“Dirty money” hits $1.6 trillion, less than 1% currently seized – UN

Criminals, especially drug traffickers, may have laundered around $1.6 trillion representing 2.7% of global GDP in 2009, according to a new report released today October 25, 2011 by the United Nations Office on Drugs and Crime (UNODC).

This figure is consistent with the 2 to 5 per cent range previously established by the International Monetary Fund (IMF) to estimate the scale of money-laundering, the UN body said.

According to the report titled “Estimating illicit financial flows resulting from drug trafficking and other transnational organized crime,” less than 1% of global illicit financial flows is currently being seized and frozen.

“All criminal proceeds, excluding tax evasion, would amount to some $ 2.1 trillion or 3.6% of GDP in 2009 (2.3 to 5.5 per cent) – Out of this total, the proceeds of transnational organized crime – such as drug trafficking, counterfeiting, human trafficking and small arms smuggling – would amount to 1.5% of global GDP, 70% of which would likely have been laundered through the financial system” the report suggested.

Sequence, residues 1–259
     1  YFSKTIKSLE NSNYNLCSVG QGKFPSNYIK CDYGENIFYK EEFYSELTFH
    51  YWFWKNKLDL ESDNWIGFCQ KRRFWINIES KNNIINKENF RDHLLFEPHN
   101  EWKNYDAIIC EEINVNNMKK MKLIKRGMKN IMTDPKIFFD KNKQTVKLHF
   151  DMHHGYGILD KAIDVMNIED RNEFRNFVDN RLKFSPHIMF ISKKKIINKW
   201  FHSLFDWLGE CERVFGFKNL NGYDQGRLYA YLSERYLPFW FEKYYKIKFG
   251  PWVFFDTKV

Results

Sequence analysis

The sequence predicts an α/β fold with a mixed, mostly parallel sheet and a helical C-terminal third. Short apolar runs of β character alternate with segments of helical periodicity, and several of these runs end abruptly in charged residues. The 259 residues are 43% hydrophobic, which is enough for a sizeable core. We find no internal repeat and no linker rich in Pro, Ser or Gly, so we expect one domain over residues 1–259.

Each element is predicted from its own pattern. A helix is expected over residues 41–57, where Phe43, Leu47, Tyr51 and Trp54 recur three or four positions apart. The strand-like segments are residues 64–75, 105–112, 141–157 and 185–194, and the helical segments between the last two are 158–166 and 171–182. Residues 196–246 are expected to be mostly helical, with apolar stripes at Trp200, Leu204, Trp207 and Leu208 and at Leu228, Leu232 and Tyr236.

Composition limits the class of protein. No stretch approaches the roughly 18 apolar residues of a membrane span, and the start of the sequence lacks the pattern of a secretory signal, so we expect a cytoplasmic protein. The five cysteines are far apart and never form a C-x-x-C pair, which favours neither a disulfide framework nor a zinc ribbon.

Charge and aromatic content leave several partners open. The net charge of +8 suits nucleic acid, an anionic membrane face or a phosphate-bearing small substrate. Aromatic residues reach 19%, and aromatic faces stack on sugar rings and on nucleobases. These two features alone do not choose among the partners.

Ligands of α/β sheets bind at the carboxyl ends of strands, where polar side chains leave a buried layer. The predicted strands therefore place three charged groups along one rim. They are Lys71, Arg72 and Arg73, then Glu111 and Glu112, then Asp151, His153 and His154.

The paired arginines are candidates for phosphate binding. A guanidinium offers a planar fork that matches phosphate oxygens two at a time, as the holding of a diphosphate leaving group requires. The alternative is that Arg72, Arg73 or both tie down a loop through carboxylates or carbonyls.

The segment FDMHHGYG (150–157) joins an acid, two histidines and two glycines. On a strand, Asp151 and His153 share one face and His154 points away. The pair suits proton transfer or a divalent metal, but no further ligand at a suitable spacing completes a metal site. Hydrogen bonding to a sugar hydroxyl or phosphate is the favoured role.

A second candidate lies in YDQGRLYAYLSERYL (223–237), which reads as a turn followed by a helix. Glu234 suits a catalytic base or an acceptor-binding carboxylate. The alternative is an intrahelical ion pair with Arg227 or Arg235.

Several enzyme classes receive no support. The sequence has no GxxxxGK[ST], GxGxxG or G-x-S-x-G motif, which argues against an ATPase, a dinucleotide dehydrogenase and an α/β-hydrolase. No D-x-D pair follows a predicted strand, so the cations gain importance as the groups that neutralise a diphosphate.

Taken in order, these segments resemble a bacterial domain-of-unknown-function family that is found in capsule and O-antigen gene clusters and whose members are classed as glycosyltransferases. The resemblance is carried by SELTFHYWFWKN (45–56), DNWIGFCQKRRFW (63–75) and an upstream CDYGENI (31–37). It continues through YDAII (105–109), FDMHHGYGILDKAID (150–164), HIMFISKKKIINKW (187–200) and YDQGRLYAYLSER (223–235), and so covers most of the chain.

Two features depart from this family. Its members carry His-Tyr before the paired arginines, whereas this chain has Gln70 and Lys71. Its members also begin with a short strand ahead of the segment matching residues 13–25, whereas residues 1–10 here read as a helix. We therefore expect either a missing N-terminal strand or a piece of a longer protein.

The report said the illicit drugs trade – accounting for half of all transnational organized crime proceeds and a fifth of all crime proceeds – is the most profitable sector.

It also pointed out the lucrative nature of the cocaine market saying “probably the most lucrative illicit drug for transborder crime.”

“Traffickers’ gross profits from the cocaine trade stood at around $84 billion in 2009. While Andean coca farmers earned about $1 billion, the bulk of income generated from cocaine was in North America ($35 billion), followed by West and Central Europe ($26 billion).”

Close to two-thirds of that total, UNODC stated, may have been laundered in 2009 adding that most profits from the cocaine trade are laundered in North America and in Europe, whereas illicit income from other sub-regions is probably laundered in the Caribbean.

The report points out that “dirty money” promotes bribery and corruption, finances insurgency and, in some cases, terrorist activities.

“Tracking the flows of illicit funds generated by drug trafficking and organized crime and analysing how they are laundered through the world’s financial systems remain daunting tasks,” Mr Yury Fedotov, Executive Director of UNODC said in a statement today after launching the report in Marrakech during the Fourth Session of the Conference of the States Parties to the United Nations Convention on Corruption.

According to Mr Fedotov, once illegal money has entered the global and financial markets, it becomes much harder to trace its origins, and the laundering of ill-gotten gains may perpetuate a cycle of crime and drug trafficking.

By Ekow Quandzie

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